9 Jul 2011

Murdoch expected in UK to tackle crisis

News Corporation chairman Rupert Murdoch is expected to arrive in London to take charge of the growing crisis at News of the World, amid calls for a judge to lead an inquiry into the scandal.

Rupert Murdoch arrives in London to take charge of the phone hacking scandal at News of the World (Image: Getty)

The media mogul’s imminent arrival in the UK follows reports that millions of archived emails at News International may have been destroyed in a bid to scotch the inquiry.

The news come as staff at the News of the World prepare the final edition of the tabloid, many having reportedly arrived for work this morning wearing black.

News of the World editor Colin Myler said: “It’s a very sad day. I’m thinking about my team of talented journalists”.

Wellwishers has left flowers on the front steps of the newspaper’s offices, according to political editor David Wooding.

Read more: The day the World ended

Meanwhile, Labour’s Ivan Lewis has called for an immediate cross-party discussion with a judge to be put in place.

It’s a very sad day. I’m thinking about my team of talented journalists. NOTW editor Colin Myler

In a letter to the Prime Minister, the shadow culture secretary said: “In view of the fact that the News of the World is shutting down, it is a matter of great urgency that any documentary evidence, including files and emails, is preserved to enable a proper inquiry into these serious allegations to take place.”

The letter, which stated that the inquiry’s terms of reference should be agreed with the judge “as soon as practicably possible”, follows another arrest in connection with the scandal.

Watch: the demise of NOTW, including exclusive footage

A 63-year-old man, arrested in Surrey last night in connection with alleged corrupt payments made to police officers, was released on bail and ordered to return to a London police station in October. Police would not confirm reports that he is a private investigator.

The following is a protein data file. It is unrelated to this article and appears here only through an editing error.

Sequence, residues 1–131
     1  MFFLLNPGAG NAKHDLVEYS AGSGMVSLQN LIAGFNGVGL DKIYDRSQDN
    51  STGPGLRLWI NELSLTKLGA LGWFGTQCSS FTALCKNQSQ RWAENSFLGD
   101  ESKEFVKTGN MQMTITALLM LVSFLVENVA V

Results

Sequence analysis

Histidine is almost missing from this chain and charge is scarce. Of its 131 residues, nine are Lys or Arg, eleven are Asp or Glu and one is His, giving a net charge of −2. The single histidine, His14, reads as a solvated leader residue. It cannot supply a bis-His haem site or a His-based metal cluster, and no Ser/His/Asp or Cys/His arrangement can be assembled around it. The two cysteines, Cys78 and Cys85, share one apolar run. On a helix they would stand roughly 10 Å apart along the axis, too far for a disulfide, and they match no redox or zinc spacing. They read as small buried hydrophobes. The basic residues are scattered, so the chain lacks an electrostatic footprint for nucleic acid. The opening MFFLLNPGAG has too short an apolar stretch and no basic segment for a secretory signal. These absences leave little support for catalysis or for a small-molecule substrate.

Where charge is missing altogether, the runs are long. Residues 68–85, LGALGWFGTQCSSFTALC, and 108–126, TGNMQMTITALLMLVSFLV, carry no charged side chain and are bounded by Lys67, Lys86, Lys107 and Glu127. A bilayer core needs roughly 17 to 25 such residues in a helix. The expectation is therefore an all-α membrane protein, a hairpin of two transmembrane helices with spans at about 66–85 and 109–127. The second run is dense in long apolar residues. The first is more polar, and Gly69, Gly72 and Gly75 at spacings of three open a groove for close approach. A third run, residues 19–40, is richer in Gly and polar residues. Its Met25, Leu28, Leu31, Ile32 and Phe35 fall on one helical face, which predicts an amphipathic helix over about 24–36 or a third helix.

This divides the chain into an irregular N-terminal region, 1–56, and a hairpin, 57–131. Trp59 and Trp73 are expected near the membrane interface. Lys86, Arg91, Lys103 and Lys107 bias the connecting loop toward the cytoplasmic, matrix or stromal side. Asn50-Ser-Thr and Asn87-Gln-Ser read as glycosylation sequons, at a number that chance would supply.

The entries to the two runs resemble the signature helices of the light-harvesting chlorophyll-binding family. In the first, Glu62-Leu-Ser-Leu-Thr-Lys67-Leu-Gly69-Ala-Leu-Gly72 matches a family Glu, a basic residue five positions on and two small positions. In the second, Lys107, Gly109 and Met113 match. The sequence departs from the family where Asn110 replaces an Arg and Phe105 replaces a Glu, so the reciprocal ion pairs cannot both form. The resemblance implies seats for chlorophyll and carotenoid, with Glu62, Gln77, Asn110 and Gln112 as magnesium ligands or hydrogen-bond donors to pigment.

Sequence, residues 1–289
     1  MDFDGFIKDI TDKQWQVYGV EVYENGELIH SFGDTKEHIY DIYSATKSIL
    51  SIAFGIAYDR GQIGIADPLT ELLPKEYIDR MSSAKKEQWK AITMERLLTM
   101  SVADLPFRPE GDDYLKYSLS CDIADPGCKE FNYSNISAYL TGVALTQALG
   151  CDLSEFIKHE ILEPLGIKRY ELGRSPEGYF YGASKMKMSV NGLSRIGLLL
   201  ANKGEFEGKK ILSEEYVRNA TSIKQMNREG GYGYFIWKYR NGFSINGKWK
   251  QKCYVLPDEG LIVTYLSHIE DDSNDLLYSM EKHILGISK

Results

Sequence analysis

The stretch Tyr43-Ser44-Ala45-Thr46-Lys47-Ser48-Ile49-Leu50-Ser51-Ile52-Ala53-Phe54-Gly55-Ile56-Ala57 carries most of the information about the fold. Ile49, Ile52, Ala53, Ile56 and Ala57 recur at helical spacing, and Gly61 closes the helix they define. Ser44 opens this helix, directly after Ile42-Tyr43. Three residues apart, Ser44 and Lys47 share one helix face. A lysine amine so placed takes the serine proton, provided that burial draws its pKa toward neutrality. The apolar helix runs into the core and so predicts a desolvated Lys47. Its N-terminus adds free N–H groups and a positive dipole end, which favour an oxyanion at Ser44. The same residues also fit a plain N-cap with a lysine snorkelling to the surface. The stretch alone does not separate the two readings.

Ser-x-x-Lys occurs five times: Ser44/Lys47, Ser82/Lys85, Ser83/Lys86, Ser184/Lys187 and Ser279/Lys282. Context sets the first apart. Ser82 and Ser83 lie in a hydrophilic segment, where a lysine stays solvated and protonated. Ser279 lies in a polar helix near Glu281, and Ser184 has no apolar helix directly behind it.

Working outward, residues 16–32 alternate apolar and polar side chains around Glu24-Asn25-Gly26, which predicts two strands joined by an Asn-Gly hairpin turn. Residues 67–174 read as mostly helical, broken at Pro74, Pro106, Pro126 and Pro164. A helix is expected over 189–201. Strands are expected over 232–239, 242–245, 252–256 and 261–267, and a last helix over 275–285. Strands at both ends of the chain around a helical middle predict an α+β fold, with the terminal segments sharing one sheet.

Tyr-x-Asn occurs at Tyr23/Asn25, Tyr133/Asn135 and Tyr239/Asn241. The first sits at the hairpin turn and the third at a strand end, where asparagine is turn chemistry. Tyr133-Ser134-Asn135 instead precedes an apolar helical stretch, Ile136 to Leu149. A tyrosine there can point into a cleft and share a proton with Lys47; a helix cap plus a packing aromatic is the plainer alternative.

News of the World editor Andy Coulson has also been released on bail following nine hours of questioning over suspected corruption and the phone hacking scandal that forced the 168-year-old newspaper to close.

As Mr Coulson, 43, left Lewisham police station yesterday, he said: “There is an awful lot I would like to say, but I can’t at this time.”

The Sunday tabloid’s ex-royal editor Clive Goodman, 53, has also spoken to police over claims officers were bribed following a dawn swoop on his Surrey home.

As the crisis at Mr Murdoch’s empire deepened, Mr Cameron pledged “no stone would be left unturned”.

His words followed a report in The Guardian that Scotland Yard was probing claims that a member of staff at News International deleted a host of emails on two occasions at the end of January.

Phone hacking scandal: who are Rebekah Brooks' friends?

Scotland Yard refused to comment on the allegations, and a News International spokeswoman said: “This assertion is rubbish. We adopted a documented email retention policy in line with our US parent’s records management policy.

“We are co-operating actively with police and have not destroyed evidence.”

The call to speed up the inquiry could jeopardise Mr Murdoch’s plans to take over broadcaster BSkyB. Mr Cameron’s opponents on the left want to block the bid on the grounds it would give Mr Murdoch too much political clout.

Mr Murdoch, who has spent most of the week at a conference in Sun Valley, Idaho, has kept a low-profile since the scandal erupted. On Thursday, he refused to answer journalists’ questions on the matter, referring them to a statement in support of chief executive Rebekah Brooks.